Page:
(49) The second reason is that in August 1974 Dr. K. C. Malik of Willingdon Hospital examined the petitioner and certified as follows:-

'MISS Namita Gokhale gets fever due to recurrent urinary tract infection (pylonephritis). She is advised to take rest during the attack.'

It is to be noted that this certificate does not refer to the past but to the future. The advice of the Doctor is that whenever she would get an attack of this infection she should take rest during the attack. The Principal has however stated that the certificate could not taken into consideration as it was to vague and did not specify the period of illness or the days on which she was unable to attepd classes due to that illness. Further, no application for leave of absence was made and it is not possible to relate this certificate to any particular days of absence unless every day of her absence after the certificate is to be attributed to this illness. This criticism of the certificate is again premature. The formation of opinion as to the value of the certificate is to take place after a hearing is given to the petitioner. During such a hearing, the petitioner would be entitled to adduce evidence as to the dates on which she got attacks of this infection and on which she could not attend for that reason. As distinguished from a certificate for a past illness, certificate which indicates probable attacks of infection in future cannot indicate the dates in the certificate itself. But it does lay down the foundation on which future absence can be explained by showing that it was due to these attacks. The petitioner even offered that she would get the necessary endorsements of the doctor regarding the dates on which she was prevented from attending the College by the attacks of the infection. But the Principal did not give the petitioner such an opportunity. This offer by the petitioner shows her bona fides and also that she has a definite case for consideration. This makes good the lacuna in the pleading to a large extent. As the petitioner was prepared to get a further certificate of the doctor for the dates on which she was ill and as the Principal did not allow her to do so, the petitioner is entitled to a hearing. We, thereforee, set aside the order of detention against the petitioner and direct the Principal to give her a hearing.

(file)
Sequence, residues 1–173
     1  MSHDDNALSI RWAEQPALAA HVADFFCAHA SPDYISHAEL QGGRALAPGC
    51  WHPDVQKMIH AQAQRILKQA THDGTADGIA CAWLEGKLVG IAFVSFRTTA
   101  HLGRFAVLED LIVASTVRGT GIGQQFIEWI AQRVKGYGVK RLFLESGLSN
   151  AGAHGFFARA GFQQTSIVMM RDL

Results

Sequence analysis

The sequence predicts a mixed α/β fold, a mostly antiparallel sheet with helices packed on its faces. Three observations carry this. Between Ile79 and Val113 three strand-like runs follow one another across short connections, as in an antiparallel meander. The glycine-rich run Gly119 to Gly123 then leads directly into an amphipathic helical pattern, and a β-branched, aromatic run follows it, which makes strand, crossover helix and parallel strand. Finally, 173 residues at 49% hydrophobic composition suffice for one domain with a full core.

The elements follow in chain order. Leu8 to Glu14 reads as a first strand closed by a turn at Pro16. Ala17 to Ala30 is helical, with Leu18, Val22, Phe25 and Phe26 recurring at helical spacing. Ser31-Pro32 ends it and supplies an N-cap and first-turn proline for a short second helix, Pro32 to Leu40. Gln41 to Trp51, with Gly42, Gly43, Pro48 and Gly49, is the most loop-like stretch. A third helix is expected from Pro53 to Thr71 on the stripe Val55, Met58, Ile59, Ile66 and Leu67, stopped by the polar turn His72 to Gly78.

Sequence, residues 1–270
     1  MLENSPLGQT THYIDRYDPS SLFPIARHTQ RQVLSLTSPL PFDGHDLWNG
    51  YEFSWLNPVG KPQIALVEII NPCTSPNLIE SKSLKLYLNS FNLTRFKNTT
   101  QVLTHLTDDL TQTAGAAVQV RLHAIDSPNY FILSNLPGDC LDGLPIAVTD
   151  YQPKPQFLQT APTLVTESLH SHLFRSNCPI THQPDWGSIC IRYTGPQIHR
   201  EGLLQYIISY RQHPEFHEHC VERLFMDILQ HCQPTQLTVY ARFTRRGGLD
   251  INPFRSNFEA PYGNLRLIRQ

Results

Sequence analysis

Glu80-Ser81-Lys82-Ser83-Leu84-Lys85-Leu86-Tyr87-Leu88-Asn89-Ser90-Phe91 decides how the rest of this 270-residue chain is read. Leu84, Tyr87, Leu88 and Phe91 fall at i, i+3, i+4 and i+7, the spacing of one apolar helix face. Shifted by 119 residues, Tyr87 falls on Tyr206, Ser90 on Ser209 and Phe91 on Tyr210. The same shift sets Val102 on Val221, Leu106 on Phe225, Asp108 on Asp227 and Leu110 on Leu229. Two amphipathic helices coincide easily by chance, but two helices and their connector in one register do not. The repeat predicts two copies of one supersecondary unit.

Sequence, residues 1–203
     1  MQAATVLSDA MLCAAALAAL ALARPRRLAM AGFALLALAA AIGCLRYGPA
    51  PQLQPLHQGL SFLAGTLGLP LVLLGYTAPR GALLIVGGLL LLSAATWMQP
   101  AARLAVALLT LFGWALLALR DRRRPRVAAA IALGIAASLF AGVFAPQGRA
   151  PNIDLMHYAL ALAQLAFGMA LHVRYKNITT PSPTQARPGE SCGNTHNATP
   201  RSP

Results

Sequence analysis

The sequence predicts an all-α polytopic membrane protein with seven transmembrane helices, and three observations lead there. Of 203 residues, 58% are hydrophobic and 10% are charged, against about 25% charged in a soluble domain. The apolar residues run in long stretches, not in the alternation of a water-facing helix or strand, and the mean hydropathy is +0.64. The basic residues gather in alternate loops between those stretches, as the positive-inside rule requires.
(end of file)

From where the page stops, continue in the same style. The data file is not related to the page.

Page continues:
(50) The allegation of the petitioner that she was ill from 25th November to second week of December, 1974 and again from 28th February to 6th March, 1975 for which the medical certificates from Dr. Rupani were submitted but which do not seem to have been taken into account made in para 3 of the writ petition has not been specifically denied by the Principal. The bare denial of para 3 is not enough. Again in para 4 of the writ petition, the petitioner pleaded that she was pregnant in January/February 1975 and was off and on falling ill and was unable to attend the College and was prepared to submit a medical certificate for her illness; But the Principal refused to accept the same has not been specifically traversed. The petitioner was, thereforee, denied opportunity to show cause under clause 2(9) (e). The detention order against her is set aside and the Principal is directed to give such opportunity before deciding whether she is entitled to the benefit of clause 2(9)(c) or not.